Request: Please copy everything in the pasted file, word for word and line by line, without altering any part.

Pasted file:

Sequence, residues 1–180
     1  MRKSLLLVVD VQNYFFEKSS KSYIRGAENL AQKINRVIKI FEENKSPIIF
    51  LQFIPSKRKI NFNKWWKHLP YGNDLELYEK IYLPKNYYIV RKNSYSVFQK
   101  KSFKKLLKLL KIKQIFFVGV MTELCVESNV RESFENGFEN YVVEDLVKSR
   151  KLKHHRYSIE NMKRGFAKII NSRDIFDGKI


Sequence, residues 1–180
     1  MRKSLLLVVD VQNYFFEKSS KSYIRGAENL AQKINRVIKI FEENKSPIIF
    51  LQFIPSKRKI NFNKWWKHLP YGNDLELYEK IYLPKNYYIV RKNSYSVFQK
   101  KSFKKLLKLL KIKQIFFVGV MTELCVESNV RESFENGFEN YVVEDLVKSR
   151  KLKHHRYSIE NMKRGFAKII NSRDIFDGKI